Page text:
WORLD VISION'S CHLORINE-MONITOR CHALLENGE
This challenge was the second open-innovation project for World Vision in which SeaFreight Labs served as Project Advisor. The challenge launched to the public on 4 November 2020 and closed to new submissions on 4 February 2021. It was presented as an RTP (Reduction-to-Practice) challenge with prize money of US$20,000. It attracted 286 registered solvers from 64 different countries. They submitted 42 proposals. A group of 10 judges from both within and outside of World Vision participated in various stages of evaluation to determine the winning solution. Click HERE to read the press release.
The introduction of chlorination as a means to disinfect and safeguard public drinking water represents one of the most impactful public health advances in recorded history. Despite the well documented public health benefits, however, the use of chlorination in rural water supply systems in sub-Saharan Africa remains low. One factor limiting its use is the ability to efficiently monitor free residual chlorine levels at multiple points with the water distribution system. While proprietary technologies have been developed to automate the measurement process, they remain expensive and therefore impractical for smaller scale, rural systems in resource-constrained settings. The Seeker for this Challenge, World Vision, supported by SeaFreight Labs is seeking low-cost, easily maintainable technologies and/or devices to monitor free residual chlorine in piped water distribution systems located in rural areas of sub-Saharan Africa.
This is a Reduction-to-Practice Challenge with a guaranteed award for at least one submitted solution. The detailed problem statement is available HERE.
The winning solver is Emil Valchinov, a citizen of Bulgaria. He has a Ph.D. in biomedical engineering and is also an electrical engineer. He is currently a freelancer working with many different companies and universities. He participated in the challenge because he had broad expertise in the design and development of similar systems and loved the idea of contributing to a humanitarian organization.
He spent 4-5 weeks preparing his proposal and another 4-5 weeks building and testing his prototype.
The winning solution is at the "working prototype" stage (see photos below). It is a fully automated system, controlled by a custom-designed Arduino-compatible PCB for free residual chlorine monitoring using a certified, low-cost commercially available, amperometric FCL sensor using a three-electrode potentiostatic method in combination with a dedicated flow cell, real-time data transmission through LoRaWAN, semi-flexible solar panel, and local storage on a microSD card. The flow cell provides an adjustable/controlled constant flow rate of 0.25 L/min to the sensor with a drain to “waste”, thus making the system independent of pipe network flow or pressure. The water “loss” is 0.5L per measurement session with a duration of 130 seconds and can be collected in a water canister with a tap and used even as drinking water since the measurement does not affect its quality. So if the system is programmed to perform 4 measurements daily, about 2 Litres will be collected in the water canister per 24 hours.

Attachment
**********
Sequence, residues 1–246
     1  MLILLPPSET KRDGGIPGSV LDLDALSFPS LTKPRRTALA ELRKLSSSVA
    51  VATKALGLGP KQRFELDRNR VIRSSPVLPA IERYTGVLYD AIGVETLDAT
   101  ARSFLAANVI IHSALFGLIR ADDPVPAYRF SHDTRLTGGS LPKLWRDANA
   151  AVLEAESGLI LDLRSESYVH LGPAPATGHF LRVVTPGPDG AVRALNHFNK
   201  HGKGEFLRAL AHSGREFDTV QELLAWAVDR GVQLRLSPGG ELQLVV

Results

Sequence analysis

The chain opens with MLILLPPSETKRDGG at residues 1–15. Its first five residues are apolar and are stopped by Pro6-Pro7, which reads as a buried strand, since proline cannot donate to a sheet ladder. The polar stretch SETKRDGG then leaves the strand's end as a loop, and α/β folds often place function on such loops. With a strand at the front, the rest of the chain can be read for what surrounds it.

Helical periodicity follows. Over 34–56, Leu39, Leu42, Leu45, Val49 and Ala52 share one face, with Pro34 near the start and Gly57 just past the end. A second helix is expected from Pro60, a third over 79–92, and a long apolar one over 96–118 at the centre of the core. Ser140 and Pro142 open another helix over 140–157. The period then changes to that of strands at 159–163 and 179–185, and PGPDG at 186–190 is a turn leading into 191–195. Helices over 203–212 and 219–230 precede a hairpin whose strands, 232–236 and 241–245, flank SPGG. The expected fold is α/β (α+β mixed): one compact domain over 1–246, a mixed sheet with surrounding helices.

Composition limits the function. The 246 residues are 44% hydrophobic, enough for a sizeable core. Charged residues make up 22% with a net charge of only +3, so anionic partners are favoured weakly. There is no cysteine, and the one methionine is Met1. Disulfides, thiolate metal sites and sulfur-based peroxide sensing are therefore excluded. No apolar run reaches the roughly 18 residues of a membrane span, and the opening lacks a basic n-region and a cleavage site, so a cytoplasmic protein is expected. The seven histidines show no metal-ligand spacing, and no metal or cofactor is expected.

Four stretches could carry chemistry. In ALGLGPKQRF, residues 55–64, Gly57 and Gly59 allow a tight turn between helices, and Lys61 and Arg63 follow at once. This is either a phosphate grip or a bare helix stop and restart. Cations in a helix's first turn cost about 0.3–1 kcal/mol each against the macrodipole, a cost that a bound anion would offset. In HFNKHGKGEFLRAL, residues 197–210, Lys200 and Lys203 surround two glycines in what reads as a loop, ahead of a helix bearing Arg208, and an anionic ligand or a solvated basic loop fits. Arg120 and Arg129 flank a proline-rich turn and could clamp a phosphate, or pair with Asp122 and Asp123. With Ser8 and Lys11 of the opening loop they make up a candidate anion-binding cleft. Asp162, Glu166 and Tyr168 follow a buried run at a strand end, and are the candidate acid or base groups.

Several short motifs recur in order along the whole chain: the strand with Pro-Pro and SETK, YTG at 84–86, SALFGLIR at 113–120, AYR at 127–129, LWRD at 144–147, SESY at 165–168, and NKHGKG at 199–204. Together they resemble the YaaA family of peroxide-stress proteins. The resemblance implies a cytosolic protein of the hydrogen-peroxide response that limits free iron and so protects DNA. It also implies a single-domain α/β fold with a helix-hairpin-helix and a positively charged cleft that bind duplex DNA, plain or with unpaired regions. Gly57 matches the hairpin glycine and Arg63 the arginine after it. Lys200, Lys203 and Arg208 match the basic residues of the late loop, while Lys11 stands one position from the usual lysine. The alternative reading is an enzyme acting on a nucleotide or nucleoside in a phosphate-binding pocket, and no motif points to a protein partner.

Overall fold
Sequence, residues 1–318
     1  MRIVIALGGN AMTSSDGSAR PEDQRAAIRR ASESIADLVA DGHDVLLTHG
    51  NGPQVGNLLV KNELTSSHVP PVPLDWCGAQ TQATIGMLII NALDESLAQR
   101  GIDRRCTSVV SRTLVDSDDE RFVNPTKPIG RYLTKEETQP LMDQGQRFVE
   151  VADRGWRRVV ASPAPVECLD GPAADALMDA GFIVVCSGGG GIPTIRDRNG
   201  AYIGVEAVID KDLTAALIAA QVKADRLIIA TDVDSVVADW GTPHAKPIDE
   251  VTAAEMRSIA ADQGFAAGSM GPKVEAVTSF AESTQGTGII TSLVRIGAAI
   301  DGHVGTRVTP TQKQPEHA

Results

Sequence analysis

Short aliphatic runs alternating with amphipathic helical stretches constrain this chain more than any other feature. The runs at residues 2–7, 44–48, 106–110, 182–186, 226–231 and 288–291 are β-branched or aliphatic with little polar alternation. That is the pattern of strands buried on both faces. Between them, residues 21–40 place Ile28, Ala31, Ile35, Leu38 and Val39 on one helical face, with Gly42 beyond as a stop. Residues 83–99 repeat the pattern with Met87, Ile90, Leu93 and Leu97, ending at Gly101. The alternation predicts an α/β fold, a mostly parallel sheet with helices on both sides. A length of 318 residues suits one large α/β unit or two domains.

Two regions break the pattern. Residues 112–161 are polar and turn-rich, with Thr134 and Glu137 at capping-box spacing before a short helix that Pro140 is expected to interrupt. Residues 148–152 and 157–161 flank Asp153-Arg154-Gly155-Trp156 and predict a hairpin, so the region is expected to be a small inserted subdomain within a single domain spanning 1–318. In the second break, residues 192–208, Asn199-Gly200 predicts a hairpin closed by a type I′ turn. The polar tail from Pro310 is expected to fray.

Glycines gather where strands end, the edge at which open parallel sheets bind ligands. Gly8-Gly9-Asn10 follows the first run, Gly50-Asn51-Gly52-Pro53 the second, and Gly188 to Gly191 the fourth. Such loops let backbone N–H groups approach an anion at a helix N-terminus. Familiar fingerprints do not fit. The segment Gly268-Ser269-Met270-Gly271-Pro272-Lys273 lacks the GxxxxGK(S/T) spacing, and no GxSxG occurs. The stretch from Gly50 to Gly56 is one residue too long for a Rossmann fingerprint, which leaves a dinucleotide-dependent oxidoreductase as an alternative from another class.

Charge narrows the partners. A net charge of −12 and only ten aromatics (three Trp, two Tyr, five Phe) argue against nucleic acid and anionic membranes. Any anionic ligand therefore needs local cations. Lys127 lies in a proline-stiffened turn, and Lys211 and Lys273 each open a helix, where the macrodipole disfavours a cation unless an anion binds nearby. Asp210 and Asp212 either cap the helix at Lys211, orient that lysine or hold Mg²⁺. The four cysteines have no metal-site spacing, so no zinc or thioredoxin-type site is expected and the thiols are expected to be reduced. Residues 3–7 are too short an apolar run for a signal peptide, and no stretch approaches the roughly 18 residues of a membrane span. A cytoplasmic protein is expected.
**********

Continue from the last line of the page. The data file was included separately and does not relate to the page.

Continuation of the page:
The selected digital free residual chlorine sensor (CS5530D) was preferred for its reliable operation and infrequent, easy to perform maintenance (no buffer solutions, no membrane, etc.) without the need for service contracts thus allowing long unattended operation at low operating cost. The fully automated system is powered by a rechargeable Li-Ion Battery (NCR18650, 3.7V, 2.9Ah), charged by a semi-flexible solar panel (5V, 1W) through a dedicated solar panel manager (DFR0559) module employing high-end MPPT (Maximum Power Point Tracking) technology. The last ensures that the photovoltaic cells always output the maximum power when the light intensity changes, to make full use of solar energy. However, due to fact that the system mainly stays in Sleep (low-power) Mode (0.4mA) and wakes up only for a short interval of time (130sec) to perform the measurements, it could run only on battery for about 6 months before recharging is needed, thus allowing also its implementation without solar panel.
The system samples the water every 5 seconds (user-defined) and an average value of 21 measurements (105sec) is sent as a message over LoRaWAN network with a spread factor SF11, and locally stored on an SD card with a timestamp. The selected SF provides increased time on-air, with reduced data rate, but improved communication range. The complete system (Main PCB, Flow Cell, and Sensor) is housed in a waterproof IP67 aluminum enclosure, where the solar panel is externally attached to the front panel. All the components (hardware and software) are readily available off the shelf and are of economic cost. Additionally, the system allows for simple in-field calibration (ZERO and SLOPE) without the use of a Laptop, where only a water sample with a known free residual chlorine content is required.
The complete description of the system is available HERE.